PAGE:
They offer an interesting look at the articles folks were tweeting, blogging, and writing about in the news. Their site lets you filter the list by institution, country, subject, journal, access, and Altmetric score.

JHU has 6 articles listed; 5 under Johns Hopkins University and 1 as Johns Hopkins Bloomberg School of Public Health. Let’s look at the most highly rated JHU article, number 4: Variation in cancer risk among tissues can be explained by the number of stem cell divisions. It has an Altmetric score of 2,340! Yowza!

This page details all the places Altmetric found mentions of this article. Their search includes:

  • News outlets - multiple languages
  • Blogs
  • Twitter
  • Peer reviews - New post-publication peer review opportunities were mentioned here previously
  • Weibo - the major social network in China
  • Facebook
  • Wikipedia - references by Wikipedia articles
  • Google+

Take a look through all of them. It’s easy to see why these articles caught people’s attention.

#6 - How much plastic is in the ocean?
#16 - Does kissing change the microbes in your mouth?
#24 - Is there a relationship between playing sexist video games and being sexist?
#41 - Is there a relationship between illness and sitting still?
#46 - What’s the range for human penis size?
#91 - Does music relieve post-operative pain?

Top 5 Ways Libraries & Librarians Can Help You

8643067513_8e9f49d1e8_z"Libraries are repositories of books, music and documents, but above all of nostalgia: the musty stacks, the unexpected finds, the safety and pleasure of a place that welcomes and shelters unconditionally." - Washington Post

Guilty library confession: I use Google multiple times per day. I also use it during reference searches...why? Because it's immediate; because full-text articles are often linked to Google when on campus; because even if it's not the right answer, it is an answer; and to verify or figure out some little bit of information I need. Like last week when looking up some law firm rankings, but the law firm name had been misspelled. Makes it hard to find rankings with incorrect information from the get go.

But all that said, here are 5 compelling reasons libraries remain relevant:

5. Not Everything is Available on the Internet. While an amazing amount of useful information is available online, not everything can be found there. Google Books has taken on the huge task of digitizing millions of books from the world's largest libraries, however contemporary authors and publishers may not permit their works to be available for free on the Internet. It is already prohibited by copyright law to make books in copyright fully accessible via Google Book Search. Libraries license numerous academic research journals, databases, ebooks, and other material that are usually inaccessible to someone looking to find that same content freely available on the Internet.

4. Libraries and Librarians Improve Student Test Scores. There have been studies showing that students who frequent well-stocked and well-staffed school libraries end up with higher ACT scores and perform better on reading and writing exams. A 2005 Illinois School Libraries study shows that students who have "high schools with computers that connect to library catalogs and databases average 6.2 percent improvement on ACT Scores." Some articles have suggested that academic libraries improve student retention, that leads us to #3...we can help save you time!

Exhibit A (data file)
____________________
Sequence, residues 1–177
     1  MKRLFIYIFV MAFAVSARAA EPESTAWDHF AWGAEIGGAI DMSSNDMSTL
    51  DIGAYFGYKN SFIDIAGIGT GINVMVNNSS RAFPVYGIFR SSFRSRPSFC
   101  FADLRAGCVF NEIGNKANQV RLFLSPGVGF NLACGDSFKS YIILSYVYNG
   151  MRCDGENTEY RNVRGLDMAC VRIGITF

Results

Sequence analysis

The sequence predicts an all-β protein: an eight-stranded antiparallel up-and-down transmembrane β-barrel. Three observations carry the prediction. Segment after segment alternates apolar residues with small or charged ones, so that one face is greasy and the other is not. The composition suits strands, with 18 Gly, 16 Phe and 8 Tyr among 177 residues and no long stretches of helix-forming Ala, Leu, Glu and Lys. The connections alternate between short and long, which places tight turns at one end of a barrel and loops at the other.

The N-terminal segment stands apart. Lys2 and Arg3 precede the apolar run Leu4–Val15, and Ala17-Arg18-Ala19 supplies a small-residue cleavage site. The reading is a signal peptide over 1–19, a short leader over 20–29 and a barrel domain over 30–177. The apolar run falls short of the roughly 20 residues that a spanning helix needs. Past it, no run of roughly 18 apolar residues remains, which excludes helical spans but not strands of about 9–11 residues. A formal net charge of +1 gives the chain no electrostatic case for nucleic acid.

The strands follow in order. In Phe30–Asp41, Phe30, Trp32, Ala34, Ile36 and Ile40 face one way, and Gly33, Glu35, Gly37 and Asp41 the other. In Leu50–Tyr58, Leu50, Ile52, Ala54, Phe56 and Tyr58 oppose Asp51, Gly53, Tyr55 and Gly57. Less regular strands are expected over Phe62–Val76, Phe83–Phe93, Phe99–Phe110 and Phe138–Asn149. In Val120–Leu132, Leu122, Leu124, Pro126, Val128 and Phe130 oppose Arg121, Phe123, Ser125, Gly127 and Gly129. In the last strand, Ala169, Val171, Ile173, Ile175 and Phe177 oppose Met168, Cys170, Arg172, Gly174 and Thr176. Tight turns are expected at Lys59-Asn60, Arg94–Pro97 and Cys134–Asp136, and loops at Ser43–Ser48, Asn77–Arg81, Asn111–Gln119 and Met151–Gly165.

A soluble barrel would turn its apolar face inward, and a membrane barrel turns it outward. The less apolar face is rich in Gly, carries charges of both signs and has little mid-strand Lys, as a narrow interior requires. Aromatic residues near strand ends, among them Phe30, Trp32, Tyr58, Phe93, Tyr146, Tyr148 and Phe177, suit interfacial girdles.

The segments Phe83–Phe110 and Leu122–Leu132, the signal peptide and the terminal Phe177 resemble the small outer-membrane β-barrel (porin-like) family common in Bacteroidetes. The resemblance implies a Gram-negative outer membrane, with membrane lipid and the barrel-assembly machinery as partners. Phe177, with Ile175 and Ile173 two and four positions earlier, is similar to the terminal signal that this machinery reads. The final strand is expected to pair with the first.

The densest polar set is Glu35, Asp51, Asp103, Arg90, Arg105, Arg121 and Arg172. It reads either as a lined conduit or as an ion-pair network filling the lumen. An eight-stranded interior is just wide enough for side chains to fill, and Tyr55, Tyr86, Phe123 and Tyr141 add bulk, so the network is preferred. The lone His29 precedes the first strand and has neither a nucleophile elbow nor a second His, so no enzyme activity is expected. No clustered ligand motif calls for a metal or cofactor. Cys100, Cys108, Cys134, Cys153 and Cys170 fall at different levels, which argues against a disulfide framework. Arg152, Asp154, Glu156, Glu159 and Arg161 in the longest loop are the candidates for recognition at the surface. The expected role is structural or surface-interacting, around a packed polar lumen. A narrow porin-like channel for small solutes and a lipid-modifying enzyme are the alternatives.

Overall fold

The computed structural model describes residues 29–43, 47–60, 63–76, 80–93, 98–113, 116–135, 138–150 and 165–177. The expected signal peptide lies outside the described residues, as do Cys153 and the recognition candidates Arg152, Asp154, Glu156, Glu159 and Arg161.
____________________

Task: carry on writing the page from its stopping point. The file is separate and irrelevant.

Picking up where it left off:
3. Academic Librarians Save You Time. The Sheridan Libraries has subject specialists in many disciplines to help you jump-start your research process. Starting a paper or a project and not sure where to start? Librarians at JHU have created guides that can help you get started no matter where you are...Many guides offer links to core online resources for the subject the guide is about, which can help you get a quick handle on what core databases might be most relevant for you. If you spend more than a few minutes searching and can't find what you're looking for, contact your librarian. We're more than happy to help. If you're not in the library, you can also ask us on our library website.

2. Physical Libraries Adapt to Your Needs. While some from outside libraries might find this surprising, it is very true. The Sheridan Libraries added student-centered space in the Brody Learning Commons - a great space for collaborating, group study, filled with lots of student-selected furniture. You can also reserve a group study online. The MSE Library will also under go a much needed renovation in coming years. Work has already been underway to help us understand more about your research and scholarship needs, a recent example is the visual International Scholarly Communication Survey about research tools.

And, the number 1 way Libraries and Librarians can help you is...

1. Librarians Promote Critical Thinking and Encourage Patrons to Create Content. Librarians know that are students and researchers are not just passive consumers of information - they produce information. Students and researchers use the library to obtain knowledge in order to create their own and new independent works. Our librarians teach classes, guide students through the research process, and have helped students create online journals, edit Wikipedia articles, and helped jump start students' working on group projects.

I still and always will use Google, and there's nothing wrong with that, but hopefully this  gives you a few ideas on how libraries and librarians might be able (and are very happy) to help you.


Adventures in TAPPI

TAPPIHello from the basement of the Brody Learning Commons!  This is our first contribution to the blog.  We are the Heritage Science for Conservation Program housed within the Conservation Department.  We research the deterioration and conservation of materials housed within JHU’s Libraries, Archives, and Museums.